On what grounds have conservatives defended authority?

Conservatives have seen authority as a very important concept. Authority is the right to exercise power other others.

Conservatives have seen authority as a very important concept. Authority is the right to exercise power other others.

One reason why conservatives defend authority is because it is a guarantee of public order. Authority constrains natural human instincts, which include greed and selfishness. This reflects a negative view of human nature which holds that humans are morally imperfect. This viewpoint led Thomas Hobbes to argue that the primary human urge is for ‘power after power’. Authority is the only way of maintaining order, particularly when backed up by a tough justice system, because it acts as a deterrent. This explains the conservative idea of strong government, which can be seen in the Thatcher governments of the 1980s, and is seen as the only effective way in which public order can be guaranteed.

Authority has also been defended because of human imperfection. Authority is seen as being able to create security and stability, which is very important to humans because they like to know ‘where they stand’. People fear isolation and insecurity so knowing their place in society prevents anomie and rootedlessness. Furthermore, authority provides support and guidance for individuals. Because humans are intellectually imperfect and the world is too difficult a thing to understand fully, people don’t know what’s good for them. Therefore, they crave guidance, which forms naturally ‘from above’, similar to a parent-child relationship.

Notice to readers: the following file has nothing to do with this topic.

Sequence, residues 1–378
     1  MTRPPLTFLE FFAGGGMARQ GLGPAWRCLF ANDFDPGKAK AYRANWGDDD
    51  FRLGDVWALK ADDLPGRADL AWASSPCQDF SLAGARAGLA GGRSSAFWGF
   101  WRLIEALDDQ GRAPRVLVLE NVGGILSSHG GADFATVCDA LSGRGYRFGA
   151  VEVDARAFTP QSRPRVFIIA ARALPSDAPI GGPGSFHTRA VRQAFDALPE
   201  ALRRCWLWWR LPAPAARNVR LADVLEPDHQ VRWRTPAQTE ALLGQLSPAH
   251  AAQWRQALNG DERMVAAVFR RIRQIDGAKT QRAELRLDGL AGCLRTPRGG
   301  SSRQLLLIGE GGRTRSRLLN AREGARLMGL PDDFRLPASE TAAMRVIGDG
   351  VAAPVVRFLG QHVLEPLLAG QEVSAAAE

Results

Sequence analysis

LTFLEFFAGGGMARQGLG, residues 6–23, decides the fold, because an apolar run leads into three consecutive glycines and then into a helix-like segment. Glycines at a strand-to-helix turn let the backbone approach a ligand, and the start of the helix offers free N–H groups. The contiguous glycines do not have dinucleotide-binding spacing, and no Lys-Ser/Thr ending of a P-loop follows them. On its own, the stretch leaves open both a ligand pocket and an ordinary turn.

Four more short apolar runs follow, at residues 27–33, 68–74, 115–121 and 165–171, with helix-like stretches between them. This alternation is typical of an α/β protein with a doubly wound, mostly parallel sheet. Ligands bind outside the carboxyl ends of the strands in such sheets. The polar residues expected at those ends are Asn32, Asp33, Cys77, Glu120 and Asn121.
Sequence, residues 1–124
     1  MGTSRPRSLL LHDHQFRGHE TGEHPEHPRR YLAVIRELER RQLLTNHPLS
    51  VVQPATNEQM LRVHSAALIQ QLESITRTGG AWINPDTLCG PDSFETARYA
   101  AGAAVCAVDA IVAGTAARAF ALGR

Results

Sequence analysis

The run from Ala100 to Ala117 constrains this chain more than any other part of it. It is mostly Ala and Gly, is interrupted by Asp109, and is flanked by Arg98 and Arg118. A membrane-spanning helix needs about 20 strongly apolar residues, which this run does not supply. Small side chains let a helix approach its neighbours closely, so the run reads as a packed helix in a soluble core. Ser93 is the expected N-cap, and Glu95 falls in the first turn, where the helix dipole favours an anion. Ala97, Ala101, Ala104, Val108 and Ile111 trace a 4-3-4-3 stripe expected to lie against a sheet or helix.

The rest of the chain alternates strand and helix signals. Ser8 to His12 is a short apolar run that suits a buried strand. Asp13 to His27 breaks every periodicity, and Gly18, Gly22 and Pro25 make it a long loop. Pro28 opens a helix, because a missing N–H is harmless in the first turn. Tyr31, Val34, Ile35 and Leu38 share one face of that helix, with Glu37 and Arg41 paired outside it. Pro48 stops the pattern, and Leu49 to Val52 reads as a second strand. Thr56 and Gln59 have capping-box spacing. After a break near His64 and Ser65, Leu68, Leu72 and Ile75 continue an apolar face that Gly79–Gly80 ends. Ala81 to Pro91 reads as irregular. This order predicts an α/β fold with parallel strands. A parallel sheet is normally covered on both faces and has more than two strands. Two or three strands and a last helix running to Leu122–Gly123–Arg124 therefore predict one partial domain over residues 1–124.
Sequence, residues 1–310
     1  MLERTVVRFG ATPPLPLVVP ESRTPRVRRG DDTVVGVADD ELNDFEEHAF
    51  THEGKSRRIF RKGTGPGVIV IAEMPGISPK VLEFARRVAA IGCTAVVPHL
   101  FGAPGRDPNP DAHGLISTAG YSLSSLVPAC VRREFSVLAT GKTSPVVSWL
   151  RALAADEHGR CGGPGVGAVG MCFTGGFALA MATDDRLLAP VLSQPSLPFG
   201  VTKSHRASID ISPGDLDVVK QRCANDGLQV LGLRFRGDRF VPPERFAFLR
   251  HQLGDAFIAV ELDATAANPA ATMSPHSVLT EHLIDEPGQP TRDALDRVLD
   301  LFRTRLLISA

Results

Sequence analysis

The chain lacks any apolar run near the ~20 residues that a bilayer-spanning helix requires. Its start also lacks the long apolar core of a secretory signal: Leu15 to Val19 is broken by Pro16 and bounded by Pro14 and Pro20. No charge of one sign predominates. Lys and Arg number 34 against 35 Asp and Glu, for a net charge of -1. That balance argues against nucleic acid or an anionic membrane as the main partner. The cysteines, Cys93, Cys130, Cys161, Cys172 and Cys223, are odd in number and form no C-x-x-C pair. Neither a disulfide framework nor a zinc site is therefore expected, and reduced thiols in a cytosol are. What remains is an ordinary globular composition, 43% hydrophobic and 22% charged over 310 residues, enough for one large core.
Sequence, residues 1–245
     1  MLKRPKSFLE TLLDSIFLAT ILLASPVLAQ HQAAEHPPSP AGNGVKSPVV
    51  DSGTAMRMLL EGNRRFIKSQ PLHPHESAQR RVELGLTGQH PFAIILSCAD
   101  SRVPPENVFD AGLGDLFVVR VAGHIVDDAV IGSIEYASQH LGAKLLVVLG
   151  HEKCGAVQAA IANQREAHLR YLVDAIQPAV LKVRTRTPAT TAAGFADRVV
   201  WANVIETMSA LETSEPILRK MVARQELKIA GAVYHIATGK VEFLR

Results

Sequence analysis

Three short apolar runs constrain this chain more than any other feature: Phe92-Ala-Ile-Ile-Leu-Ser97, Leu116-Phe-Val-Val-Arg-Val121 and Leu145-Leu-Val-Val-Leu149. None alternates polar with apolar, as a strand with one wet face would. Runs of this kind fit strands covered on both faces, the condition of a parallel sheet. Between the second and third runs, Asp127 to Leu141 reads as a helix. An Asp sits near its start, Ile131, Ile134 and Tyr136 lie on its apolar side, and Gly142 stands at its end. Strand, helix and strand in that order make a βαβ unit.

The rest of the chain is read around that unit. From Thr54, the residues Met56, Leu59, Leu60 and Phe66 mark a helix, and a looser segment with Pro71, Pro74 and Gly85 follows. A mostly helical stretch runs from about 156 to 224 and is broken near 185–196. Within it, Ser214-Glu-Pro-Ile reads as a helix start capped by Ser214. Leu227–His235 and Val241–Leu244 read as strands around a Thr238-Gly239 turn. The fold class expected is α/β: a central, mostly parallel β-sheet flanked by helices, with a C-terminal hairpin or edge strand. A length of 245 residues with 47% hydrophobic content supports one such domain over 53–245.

Authority is also seen as being natural. Conservatives believe in a natural hierarchy, which pre-democratic conservatives like Burke referred to as a ‘natural aristocracy’. Inequalities in wealth and social status lead to inequalities in social responsibilities, where the well-off must take care of the less well-off. Thus, there are natural ‘leaders’ and natural ‘followers’. This is most clearly seen in the paternalistic One Nation conservatism, which advocates the idea of ‘Noblesse Oblige’.

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